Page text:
Ashley Graham is widely seen as the face (and figure) of the body positivity movement. With her massive success as a supermodel, Graham has made incredible strides for the diverse representation of real women's bodies in our culture and the media, from high fashion to TV. But Graham knows that body positivity starts at home with the dialogue between young girls and their parents. On Good Morning America Tuesday morning, Graham opened up about her new book, A New Model: What Confidence, Beauty and Power Really Look Like, in which she discusses the body-shaming she experienced from her own father growing up — as well as the wonderful example her mom set.
"I get very candid in the book because I really believe that parents need to know that they are shaping the future of their children," Graham told Robin Robert on GMA. "Words have power. The things that you say to yourself as a parent, the things that you say maybe even just one time to your children, they take it, and they take it into their real world and their life and beyond. And I wanted to get candid because I want to be a better parent than what I had."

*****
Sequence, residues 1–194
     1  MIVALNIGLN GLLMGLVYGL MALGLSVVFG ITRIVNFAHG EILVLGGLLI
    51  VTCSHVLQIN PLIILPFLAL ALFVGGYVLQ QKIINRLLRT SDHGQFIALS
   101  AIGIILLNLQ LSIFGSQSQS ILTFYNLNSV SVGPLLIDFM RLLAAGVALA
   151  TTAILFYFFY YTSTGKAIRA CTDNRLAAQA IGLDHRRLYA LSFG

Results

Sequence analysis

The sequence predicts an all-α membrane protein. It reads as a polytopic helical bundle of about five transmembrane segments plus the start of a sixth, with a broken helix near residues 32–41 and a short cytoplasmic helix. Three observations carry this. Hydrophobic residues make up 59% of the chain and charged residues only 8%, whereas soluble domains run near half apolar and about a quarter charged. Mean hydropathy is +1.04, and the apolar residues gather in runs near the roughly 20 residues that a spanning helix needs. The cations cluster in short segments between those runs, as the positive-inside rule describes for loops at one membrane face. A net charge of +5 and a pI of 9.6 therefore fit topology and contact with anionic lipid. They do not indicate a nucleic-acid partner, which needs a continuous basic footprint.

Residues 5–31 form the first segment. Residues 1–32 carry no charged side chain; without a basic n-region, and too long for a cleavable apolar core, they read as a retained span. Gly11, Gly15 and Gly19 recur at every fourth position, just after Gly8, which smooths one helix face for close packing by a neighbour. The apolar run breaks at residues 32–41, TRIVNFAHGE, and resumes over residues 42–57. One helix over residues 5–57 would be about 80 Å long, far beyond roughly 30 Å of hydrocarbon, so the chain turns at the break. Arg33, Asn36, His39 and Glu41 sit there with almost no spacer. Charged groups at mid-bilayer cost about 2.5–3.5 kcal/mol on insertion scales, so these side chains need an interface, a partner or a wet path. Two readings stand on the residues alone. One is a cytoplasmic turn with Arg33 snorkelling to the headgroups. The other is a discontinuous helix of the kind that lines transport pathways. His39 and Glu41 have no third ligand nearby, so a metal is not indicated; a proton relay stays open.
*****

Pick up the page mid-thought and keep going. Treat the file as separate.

The 29-year-old made clear, though, that her mother was "absolutely amazing," adding that they are still best friends today. "One thing my mother did, and I learned later, was she never looked in the mirror and said, ‘I’m so fat.’ Or ‘I’m so ugly,’ or ‘I need to go on a diet,’" the Nebraska native explained. "Projecting that onto yourself is only going to make your daughter or son think that of themselves, because they’re a product of you. So just saying, ‘You know what? I look really good today,’ and then just moving on, they’re like, ‘Oh, maybe I need to say that to myself.’"
In the book, Graham reveals that her dad was verbally abusive. "Constant criticism -- that was my dad through and through," she wrote, per GMA. "My father was a master of the cutting insult. His nickname for me was, ‘Duh,’ because he didn't think I was very smart." Later, she writes, "The worst I ever felt in my entire career was when, a few years into my career, my dad agreed with my new agent, who said I needed to ‘tighten up.’"
Considering that Graham became a household name and inspiration other women by being herself, we're eternally grateful she didn't listen to her dad or her agent — and followed her mom's example instead.